Programming

Comparison of Nine Ruby Implementations 75

An anonymous reader writes "Zen and the Art of Programming published a new version of The Great Ruby Shootout, which was aimed at testing the performances of multiple Ruby implementations. On the benchmark table this time around are Ruby 1.8 (on GNU/Linux and Windows), Ruby 1.9 (aka Yarv), Ruby Enterprise Edition (aka REE), JRuby 1.1.6RC1, Rubinius, MagLev, MacRuby 0.3 and IronRuby. The results of this comprehensive comparison show that for this set of benchmarks, Ruby 1.9.1 is almost 5 times faster than the notoriously slow Ruby 1.8. Is Ruby finally going to be acceptably fast?"
Data Storage

Optimizing Linux Use On a USB Flash Drive? 137

Buckbeak writes "I like to carry my Linux systems around with me, on USB flash drives. Typically, SanDisk Cruzers or Kingston HyperX. I encrypt the root partition and boot off the USB stick. Sometimes, the performance leaves something to be desired. I want to be able to do an 'apt-get upgrade' or 'yum update' while surfing but the experience is sometimes painful. What can I do to maximize the performance of Linux while running off of a slow medium? I've turned on 'noatime' in the mount options and I don't use a swap partition. Is there any way to minimize drive I/O or batch it up more? Is there any easy way to run in memory and write everything out when I shut down? I've tried both EXT2 and EXT3 and it doesn't seem to make much difference. Any other suggestions?"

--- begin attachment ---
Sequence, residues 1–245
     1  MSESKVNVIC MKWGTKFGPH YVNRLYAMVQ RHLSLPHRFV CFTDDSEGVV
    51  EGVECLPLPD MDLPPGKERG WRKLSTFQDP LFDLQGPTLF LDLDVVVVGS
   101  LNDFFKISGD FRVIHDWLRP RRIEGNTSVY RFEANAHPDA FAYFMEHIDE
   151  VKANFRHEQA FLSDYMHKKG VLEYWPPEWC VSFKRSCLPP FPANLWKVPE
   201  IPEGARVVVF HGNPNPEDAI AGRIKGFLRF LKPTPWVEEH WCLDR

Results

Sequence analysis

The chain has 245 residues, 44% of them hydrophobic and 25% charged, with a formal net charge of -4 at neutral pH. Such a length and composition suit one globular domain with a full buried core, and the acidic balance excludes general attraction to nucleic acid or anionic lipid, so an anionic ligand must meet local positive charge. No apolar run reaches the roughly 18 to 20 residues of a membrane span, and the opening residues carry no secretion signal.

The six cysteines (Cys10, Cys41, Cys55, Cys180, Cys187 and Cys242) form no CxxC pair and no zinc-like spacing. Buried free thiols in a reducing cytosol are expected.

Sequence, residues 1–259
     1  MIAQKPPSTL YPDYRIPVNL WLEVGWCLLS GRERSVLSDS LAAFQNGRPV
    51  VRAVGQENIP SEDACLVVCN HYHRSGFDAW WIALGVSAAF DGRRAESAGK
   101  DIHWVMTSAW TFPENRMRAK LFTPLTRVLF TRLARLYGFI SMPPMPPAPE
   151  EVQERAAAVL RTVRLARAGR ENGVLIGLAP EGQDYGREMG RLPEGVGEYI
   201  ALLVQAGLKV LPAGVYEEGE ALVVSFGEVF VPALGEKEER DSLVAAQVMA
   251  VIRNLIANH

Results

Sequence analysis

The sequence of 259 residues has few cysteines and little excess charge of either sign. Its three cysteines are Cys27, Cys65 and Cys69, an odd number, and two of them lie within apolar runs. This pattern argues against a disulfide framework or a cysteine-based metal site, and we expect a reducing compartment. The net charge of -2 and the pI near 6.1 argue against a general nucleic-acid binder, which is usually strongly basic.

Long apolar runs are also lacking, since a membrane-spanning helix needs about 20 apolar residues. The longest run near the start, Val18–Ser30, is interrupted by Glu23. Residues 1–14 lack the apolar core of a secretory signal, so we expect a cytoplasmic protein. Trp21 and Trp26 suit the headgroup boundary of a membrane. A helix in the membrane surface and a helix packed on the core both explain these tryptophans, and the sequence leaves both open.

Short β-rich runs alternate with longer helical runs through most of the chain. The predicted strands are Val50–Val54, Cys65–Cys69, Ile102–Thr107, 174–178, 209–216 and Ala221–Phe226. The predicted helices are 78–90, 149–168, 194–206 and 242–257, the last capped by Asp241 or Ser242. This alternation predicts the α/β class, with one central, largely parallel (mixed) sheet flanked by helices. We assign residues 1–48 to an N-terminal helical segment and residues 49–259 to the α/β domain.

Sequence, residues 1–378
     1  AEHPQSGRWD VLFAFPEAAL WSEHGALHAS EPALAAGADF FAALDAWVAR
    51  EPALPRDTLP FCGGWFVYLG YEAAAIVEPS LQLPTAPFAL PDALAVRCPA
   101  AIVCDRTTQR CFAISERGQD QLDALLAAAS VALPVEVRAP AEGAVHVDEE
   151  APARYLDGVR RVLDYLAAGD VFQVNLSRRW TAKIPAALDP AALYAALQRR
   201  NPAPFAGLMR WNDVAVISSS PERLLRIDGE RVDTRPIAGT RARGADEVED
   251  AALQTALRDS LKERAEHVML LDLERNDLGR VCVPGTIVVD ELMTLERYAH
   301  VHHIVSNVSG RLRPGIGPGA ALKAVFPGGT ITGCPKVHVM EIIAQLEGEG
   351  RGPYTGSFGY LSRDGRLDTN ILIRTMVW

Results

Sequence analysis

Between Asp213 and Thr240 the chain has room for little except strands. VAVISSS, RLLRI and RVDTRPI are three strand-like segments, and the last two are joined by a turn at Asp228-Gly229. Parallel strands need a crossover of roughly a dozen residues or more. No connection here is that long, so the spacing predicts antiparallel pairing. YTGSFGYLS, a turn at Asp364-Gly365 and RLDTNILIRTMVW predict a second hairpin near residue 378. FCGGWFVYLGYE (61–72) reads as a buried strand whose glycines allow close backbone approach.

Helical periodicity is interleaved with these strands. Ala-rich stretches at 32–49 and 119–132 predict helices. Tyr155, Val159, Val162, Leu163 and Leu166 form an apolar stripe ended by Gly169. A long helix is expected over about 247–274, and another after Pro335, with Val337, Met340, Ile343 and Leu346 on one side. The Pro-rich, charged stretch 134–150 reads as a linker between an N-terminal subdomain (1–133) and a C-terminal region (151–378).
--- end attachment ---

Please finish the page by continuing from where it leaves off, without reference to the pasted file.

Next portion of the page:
GNU is Not Unix

Creative GPLs X-Fi Sound Card Driver Code 369

An anonymous reader writes "In a move that's a win for the free software community, Creative Labs has decided to release their binary Linux driver for the Creative Sound Blaster X-Fi and X-Fi Titanium sound cards under the GPL license. This is coming after several failed attempts at delivering a working binary driver and years after these sound cards first hit the market."
Software

Wayland, a New X Server For Linux 487